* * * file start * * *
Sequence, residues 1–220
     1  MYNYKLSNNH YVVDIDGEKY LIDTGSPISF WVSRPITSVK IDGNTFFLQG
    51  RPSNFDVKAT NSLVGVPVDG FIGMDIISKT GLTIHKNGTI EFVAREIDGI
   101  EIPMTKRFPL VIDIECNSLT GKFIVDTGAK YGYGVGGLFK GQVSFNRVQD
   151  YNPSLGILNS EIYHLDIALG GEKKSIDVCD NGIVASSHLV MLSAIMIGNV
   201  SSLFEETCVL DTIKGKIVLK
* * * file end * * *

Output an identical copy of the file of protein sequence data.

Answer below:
Sequence, residues 1–220
     1  MYNYKLSNNH YVVDIDGEKY LIDTGSPISF WVSRPITSVK IDGNTFFLQG
    51  RPSNFDVKAT NSLVGVPVDG FIGMDIISKT GLTIHKNGTI EFVAREIDGI
   101  EIPMTKRFPL VIDIECNSLT GKFIVDTGAK YGYGVGGLFK GQVSFNRVQD
   151  YNPSLGILNS EIYHLDIALG GEKKSIDVCD NGIVASSHLV MLSAIMIGNV
   201  SSLFEETCVL DTIKGKIVLK